Dog Barks at Strangers on Walks: Why Does This Happen?

Dog walking is beneficial for pets just as much as it is for the owner. Countless individuals report that it is one of the most enjoyable elements of having a dog. 

This exercise allows you and your dog to socialize with pets and people during outdoor ventures. However, walks can turn into a stressful situation if your dog becomes unmanageable. 

It can certainly be awkward or frustrating if your dog starts barking continuously towards strangers; we get it. 

Looking at other dogs behaving correctly can make you wonder, “why can’t my dog behave like that?” Before any training, attempt to understand the reason behind it. 

Thanks to animal behaviorists, we can now make a few guesses about what makes your dog bark at strangers during such an enjoyable activity.


Why Your Dog Barks at Strangers

Dogs are Territorial

Dogs have an instinct of being territorial, some breeds more than others, but all of them possess this particular characteristic, which can be overcome at home most times. 

For instance: German Shepherds, Bullmastiffs, and even Pekingese can get a little defensive if they find someone entering their space. 

They have an inbuilt feeling that any unfamiliar person possesses a threat to them. 

That is why the same dog barking at a stranger during a walk stays calm around family members or familiar faces. 

Their instinct to protect their territory and their family is their strongest reason. This is especially the case if your dog has lived in one area for an extended period. 

Of course, for some dog owners, having a protective dog is a desirable trait. If this is your case, best protection dogs is a great site for finding the right protective dog for your particular situation.

Fear or Anxiety

Among all other reasons, one of the primary reasons for your dog barking at a stranger is their fear of other humans or pets.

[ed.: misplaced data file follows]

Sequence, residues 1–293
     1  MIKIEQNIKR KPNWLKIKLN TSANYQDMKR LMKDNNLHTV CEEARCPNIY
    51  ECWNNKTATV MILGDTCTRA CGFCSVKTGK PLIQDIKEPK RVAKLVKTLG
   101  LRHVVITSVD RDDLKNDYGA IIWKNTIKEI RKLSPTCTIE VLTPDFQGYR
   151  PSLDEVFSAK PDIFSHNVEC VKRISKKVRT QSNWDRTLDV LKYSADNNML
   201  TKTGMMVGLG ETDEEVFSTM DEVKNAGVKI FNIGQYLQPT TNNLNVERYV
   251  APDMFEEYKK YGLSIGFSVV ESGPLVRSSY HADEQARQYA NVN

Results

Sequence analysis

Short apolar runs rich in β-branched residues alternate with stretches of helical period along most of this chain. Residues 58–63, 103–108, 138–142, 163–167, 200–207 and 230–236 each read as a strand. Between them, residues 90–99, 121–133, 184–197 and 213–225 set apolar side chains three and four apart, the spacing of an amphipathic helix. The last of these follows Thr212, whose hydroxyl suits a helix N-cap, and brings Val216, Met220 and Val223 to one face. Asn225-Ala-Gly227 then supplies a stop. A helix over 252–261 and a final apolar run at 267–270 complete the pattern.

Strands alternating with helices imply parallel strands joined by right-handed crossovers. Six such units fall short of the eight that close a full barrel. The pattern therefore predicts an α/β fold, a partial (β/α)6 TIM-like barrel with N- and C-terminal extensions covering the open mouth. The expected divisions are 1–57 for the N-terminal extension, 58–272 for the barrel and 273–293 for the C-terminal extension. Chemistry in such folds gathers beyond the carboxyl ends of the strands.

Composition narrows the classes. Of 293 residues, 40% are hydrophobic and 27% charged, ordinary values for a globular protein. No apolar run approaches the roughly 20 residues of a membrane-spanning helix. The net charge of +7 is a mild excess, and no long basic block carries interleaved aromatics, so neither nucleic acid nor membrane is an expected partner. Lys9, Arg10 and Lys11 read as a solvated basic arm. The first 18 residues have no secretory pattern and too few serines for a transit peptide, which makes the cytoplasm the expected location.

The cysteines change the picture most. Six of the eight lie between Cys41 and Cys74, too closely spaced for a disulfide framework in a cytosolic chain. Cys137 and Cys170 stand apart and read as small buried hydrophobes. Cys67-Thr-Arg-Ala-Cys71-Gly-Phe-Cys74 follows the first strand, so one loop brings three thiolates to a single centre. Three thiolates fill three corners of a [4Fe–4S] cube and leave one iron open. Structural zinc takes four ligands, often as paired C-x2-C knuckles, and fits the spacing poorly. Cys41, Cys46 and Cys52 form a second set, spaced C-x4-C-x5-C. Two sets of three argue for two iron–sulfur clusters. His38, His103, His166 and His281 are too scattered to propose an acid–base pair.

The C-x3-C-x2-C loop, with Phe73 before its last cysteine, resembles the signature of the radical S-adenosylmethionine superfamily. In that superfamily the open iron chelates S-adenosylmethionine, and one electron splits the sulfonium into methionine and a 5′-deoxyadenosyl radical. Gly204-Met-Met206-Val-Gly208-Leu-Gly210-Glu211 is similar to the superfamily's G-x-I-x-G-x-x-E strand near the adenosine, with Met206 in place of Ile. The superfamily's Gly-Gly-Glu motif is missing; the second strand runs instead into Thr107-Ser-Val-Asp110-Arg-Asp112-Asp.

The dog can become very defensive and unpredictable and might end up attacking another person. This behavior could be the result of any trauma they had been through in the past. 

For instance, they may have been abused or bitten by other dogs or have stayed in a kennel among aggressive dogs. 

Moreover, lack of socialization can cause them to have an extreme fear of human interaction. In some cases, a trip to the vet or training may be just what your dog needs. 

Just like with humans, dogs have anxiety too and may need to see their doctor!

Over Excitement

Barking to play is a different perspective of why your dog barks after seeing so many humans on the trail. 

Some dogs develop a fear of social interaction; on the other hand, some are incredibly social and get hyper excited and showcase their feelings through barking. 

They enjoy meeting new people and want to play with everyone they see. If their back coat of hair is not erected and eyes are not still, it is more likely to be a play bark.

If your dog is very young, perhaps weeks to months old, you may just need to give it a little time. Younger dogs love to bark, so if this is the case, wait a few months and reevaluate the situation.

In some cases, a new move can cause this, so for those who’ve moved recently, perhaps wait it out for just a few more weeks before taking action.

Compulsive Barking